Celebrate March 14th, also known as Pi Day through various activities.
- Today is Pi Day. That's spelled P-I, because today is March 14, which translates to 3.14. To help refresh you on what Pi is, Jana Frank of Mathnasium is joining us live this morning. Thank you so much for being here.
JANA FRANK: Thanks for having me. Happy Pi Day.
- Happy Pi Day. OK, so tell us what exactly is Pi and why it's so important.
JANA FRANK: Absolutely. So Pi is a very [AUDIO OUT] number in math. It's right behind me. You might be able to see it. This number is 3.14.
That's why we celebrate it today on 3/14. But it's actually longer than. Pi is an infinite number, which goes on forever. So what is Pi? Why is it so important? So Pi is the measurement of a circle diameter to its circumference.
So what does that mean? So if you took a circle and you measured its diameter, which is the measurement across a circle, and you measured that, and then you took that same string. It's kind of translucent. You can't see it very well, but you wrap that around the outside, which is the circumference.
It would go around exactly 3.14159 et cetera times, no matter how big the size of the circle. And so this is really important. Circles are involved in all things we engineer. It's how we got to Mars. We couldn't have gotten to Mars without Pi.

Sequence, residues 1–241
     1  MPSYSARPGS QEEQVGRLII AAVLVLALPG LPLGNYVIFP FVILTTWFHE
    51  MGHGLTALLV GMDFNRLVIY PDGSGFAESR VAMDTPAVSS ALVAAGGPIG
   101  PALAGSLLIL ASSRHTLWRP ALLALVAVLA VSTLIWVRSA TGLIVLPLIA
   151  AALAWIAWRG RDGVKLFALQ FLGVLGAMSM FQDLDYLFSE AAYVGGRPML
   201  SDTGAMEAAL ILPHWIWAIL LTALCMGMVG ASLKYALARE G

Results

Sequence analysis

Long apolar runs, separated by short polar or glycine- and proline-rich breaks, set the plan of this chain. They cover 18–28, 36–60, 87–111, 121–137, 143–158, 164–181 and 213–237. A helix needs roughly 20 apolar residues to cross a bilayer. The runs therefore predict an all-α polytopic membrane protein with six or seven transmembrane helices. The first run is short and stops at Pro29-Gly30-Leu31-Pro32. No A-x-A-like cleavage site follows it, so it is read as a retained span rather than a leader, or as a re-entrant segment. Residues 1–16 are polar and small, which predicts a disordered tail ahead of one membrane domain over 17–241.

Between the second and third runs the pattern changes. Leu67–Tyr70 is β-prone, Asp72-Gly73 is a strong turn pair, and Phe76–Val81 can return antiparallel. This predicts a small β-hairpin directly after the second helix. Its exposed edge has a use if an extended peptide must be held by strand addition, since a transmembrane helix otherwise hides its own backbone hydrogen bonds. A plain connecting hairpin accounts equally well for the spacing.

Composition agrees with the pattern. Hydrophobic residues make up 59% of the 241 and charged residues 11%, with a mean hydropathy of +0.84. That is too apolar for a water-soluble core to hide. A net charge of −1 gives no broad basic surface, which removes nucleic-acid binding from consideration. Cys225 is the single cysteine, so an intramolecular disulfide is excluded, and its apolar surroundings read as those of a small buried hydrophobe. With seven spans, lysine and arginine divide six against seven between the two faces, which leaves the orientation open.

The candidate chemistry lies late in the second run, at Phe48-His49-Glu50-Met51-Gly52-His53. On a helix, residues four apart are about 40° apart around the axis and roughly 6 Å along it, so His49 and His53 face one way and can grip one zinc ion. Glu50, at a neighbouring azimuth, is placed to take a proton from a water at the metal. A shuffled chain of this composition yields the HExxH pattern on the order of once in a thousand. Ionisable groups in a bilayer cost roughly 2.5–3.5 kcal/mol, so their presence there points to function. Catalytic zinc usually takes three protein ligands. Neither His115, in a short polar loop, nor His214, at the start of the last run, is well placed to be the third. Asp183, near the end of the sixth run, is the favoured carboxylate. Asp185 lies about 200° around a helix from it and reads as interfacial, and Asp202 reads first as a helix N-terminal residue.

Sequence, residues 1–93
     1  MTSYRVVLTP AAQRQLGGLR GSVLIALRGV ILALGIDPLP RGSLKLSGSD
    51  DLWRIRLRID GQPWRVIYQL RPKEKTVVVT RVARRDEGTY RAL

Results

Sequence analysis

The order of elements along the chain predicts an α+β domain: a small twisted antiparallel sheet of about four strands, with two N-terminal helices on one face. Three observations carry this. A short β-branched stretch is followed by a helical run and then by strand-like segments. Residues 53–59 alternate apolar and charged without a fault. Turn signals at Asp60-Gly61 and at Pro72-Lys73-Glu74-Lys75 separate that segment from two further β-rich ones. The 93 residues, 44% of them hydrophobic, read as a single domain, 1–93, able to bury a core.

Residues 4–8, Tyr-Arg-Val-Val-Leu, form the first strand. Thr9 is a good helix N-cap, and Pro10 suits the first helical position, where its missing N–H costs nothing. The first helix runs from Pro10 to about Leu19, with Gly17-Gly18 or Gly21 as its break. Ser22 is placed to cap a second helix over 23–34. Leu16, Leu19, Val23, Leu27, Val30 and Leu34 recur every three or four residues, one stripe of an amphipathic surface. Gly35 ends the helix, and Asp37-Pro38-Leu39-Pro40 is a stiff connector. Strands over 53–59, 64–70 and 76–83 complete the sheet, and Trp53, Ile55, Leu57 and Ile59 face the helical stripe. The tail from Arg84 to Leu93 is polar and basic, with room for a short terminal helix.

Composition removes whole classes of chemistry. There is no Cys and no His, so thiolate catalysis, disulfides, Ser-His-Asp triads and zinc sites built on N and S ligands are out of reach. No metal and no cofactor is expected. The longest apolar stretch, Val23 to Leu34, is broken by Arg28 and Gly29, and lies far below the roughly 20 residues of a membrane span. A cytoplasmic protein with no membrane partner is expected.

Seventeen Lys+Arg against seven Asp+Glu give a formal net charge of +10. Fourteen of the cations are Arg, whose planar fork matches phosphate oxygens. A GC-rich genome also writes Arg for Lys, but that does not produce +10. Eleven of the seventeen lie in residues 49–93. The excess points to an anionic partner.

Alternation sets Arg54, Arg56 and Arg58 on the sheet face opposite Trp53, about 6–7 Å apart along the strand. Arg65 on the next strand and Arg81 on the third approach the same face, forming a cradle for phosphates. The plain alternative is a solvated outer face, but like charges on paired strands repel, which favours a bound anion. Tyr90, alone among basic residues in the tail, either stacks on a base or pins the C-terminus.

- That is fascinating. So when you think about trying to reinforce these math steps with kids every day and doing it kind of like in the household, some things that you can do to try and sort of get them thinking about this in a way that's practical?
JANA FRANK: Yeah. Pi Day is a great day to celebrate all things circle. So to sort of reinforce some of these concepts, we've got some ideas. First we've got these great series, it's called "Sir Circumference and The Roundtable". And these do a really good job of putting things into context.
You can read about his wife, Lady Di of Amater, who is the size of the circle. And her son, Radius, who is half the height. We got some ideas for some crafts you can do.
Again, because we are celebrating circles, we have these circle chains. And one of the things you can do is you can make each color represent a different number. And since Pi is such a long number, you can make this change as long as you want. So we've got red representing our three, orange our one, and then we got four, back to one, et cetera. And so you can make one of these to just go across a single window or your whole house, depending on how many digits you want to do.
- I love it.
JANA FRANK: Yeah. Similarly, we've got a way to accessorize with Pi. And so, the same idea, we have three beads, then one, then four, then one, then five, then nine. So you've always got your little key here to help you remember the numbers. So that's always fun.
- Exactly. A lot of options to make math fun for kids in a way that gets them active and learning and thinking about things in a different way. Jana, thank you so much.
JANA FRANK: Exactly.
- We appreciate it.
JANA FRANK: My pleasure. Take care.
- Absolutely. You as well.